Home Technology Facebook and Instagram Bans False Claims About COVID-19 Vaccines

Facebook and Instagram Bans False Claims About COVID-19 Vaccines

by Rashi Gupta
Facebook and Instagram bans debunked false claims about COVID-19 vaccine

As the vaccine for COVID-19 is rolling out in the world, social media platforms like Facebook and Instagram are getting rapidly inundated with false claims and misleading information about vaccination. 

Various kinds of fake news from the side effects of the vaccine to its ingredients are proliferating on these social networks and misguiding people across the globe. 

Facebook is now taking strict measures against such anti-vaccine posts as they are getting debunked by public health experts. These posts are frightening people without any justified reasons and misguiding them against inoculation.

To combat this dangerous propaganda, the company is augmenting its rules to uproot these false pandemic theories from Facebook and Instagram. The reforms in policy will empower Facebook to take down all the coronavirus misinformation that is posing “imminent” fear in users and reduce the reach of ones that resort to falsehood. 

However, the social media company didn’t specify when it will bring the updated policy into enforcement. It acknowledged that it would not be able to start enforcing these policies overnight. The company also informed that they would constantly update the policy as facts about COVID-19 vaccines continue to evolve.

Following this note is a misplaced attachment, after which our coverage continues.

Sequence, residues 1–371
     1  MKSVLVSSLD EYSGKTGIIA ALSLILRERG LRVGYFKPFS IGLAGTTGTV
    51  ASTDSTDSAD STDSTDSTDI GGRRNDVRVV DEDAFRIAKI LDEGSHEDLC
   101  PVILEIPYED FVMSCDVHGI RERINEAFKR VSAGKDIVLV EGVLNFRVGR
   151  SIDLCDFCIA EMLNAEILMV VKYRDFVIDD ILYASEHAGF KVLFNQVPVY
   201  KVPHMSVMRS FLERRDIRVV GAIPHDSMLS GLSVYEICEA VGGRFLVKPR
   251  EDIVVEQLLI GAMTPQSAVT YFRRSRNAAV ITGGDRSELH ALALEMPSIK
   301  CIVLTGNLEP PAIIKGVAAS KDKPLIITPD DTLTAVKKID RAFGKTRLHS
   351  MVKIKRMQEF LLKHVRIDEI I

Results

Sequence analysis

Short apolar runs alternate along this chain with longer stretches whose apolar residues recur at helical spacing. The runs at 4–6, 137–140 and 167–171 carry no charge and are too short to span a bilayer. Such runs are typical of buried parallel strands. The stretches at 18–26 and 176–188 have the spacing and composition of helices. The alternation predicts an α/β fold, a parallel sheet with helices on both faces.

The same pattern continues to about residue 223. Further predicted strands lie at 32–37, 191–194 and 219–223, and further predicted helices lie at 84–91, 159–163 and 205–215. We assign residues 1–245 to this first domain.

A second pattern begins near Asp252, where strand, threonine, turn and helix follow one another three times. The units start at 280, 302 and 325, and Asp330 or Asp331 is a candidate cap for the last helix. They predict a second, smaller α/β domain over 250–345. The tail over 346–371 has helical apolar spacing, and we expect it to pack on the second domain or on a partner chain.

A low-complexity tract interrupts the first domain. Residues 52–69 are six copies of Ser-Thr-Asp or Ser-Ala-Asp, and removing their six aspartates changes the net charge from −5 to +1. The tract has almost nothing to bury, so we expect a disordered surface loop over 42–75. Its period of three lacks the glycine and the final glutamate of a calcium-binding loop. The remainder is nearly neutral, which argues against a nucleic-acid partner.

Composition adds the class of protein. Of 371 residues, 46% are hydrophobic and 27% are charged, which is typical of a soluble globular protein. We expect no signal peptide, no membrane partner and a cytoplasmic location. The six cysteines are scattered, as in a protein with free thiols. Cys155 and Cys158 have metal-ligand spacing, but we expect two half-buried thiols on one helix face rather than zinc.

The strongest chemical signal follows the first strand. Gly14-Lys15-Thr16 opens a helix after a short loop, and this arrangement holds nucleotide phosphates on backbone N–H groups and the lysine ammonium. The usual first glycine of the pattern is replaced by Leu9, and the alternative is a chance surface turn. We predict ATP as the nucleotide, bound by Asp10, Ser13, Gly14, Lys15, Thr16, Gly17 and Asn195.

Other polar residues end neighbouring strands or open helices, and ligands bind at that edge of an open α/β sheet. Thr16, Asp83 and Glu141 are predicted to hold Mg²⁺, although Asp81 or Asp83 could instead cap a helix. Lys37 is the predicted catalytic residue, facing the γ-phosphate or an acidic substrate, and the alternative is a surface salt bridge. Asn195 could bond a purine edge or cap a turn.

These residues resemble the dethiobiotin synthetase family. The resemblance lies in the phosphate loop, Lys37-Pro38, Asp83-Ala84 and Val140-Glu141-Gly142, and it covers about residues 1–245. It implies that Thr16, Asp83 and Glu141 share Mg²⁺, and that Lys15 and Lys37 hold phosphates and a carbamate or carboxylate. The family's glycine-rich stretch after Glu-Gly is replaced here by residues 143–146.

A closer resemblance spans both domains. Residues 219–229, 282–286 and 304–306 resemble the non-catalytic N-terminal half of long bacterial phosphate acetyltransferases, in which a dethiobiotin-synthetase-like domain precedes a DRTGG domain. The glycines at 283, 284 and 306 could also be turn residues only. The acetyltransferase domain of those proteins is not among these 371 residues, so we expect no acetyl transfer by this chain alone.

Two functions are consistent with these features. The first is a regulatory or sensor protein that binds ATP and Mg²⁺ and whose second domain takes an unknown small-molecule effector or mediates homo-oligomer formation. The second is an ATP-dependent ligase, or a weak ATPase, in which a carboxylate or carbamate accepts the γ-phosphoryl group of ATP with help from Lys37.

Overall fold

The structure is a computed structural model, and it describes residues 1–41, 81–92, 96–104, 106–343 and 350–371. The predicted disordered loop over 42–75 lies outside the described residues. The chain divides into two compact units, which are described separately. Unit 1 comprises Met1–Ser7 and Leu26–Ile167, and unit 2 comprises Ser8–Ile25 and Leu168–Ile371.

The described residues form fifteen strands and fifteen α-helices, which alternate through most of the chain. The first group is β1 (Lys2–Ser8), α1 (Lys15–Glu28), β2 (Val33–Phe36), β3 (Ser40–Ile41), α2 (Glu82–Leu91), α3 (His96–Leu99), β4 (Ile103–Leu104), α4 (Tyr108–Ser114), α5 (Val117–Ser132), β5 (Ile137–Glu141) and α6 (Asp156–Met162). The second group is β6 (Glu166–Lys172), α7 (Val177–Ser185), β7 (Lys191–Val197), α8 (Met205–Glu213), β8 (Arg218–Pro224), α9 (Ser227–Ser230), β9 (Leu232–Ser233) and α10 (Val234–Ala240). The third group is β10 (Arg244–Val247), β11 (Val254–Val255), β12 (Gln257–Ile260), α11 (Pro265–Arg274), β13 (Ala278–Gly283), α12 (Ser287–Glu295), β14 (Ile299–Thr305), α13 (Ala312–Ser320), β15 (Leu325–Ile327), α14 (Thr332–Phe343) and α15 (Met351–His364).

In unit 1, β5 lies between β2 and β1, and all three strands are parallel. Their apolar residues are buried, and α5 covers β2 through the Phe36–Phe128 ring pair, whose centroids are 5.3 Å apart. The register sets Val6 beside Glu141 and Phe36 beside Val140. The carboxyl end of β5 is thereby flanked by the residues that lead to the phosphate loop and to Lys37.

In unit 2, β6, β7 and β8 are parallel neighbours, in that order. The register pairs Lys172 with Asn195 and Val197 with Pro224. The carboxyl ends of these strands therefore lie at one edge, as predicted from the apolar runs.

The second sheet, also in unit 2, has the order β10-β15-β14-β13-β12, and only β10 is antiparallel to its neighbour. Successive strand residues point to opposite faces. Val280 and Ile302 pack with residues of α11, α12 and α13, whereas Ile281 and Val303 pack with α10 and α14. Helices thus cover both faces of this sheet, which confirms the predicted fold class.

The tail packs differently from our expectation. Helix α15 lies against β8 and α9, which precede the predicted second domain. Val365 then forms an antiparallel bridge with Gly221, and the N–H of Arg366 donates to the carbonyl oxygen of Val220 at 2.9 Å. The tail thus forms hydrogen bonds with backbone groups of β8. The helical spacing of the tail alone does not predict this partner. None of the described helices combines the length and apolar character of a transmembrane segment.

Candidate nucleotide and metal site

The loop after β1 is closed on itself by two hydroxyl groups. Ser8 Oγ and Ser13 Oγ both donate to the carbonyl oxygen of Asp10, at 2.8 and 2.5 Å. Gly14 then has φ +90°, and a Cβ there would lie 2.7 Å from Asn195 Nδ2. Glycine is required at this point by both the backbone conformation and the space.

Facebook is supporting the global public health community by keeping people safe and well-informed. In their recent blog post, Facebook said

We will also continue to help people stay informed about these vaccines by promoting authoritative sources of information through our COVID-19 Information Center.

-Facebook

Prior to this, Facebook was also in news headlines in October 2020 when it decided to ban anti-COVID vaccine advertisements. The company has also previously abolished the vaccine-related misinformation at the time of the measles outbreak in Samoa and the during polio vaccine drive in Pakistan. 

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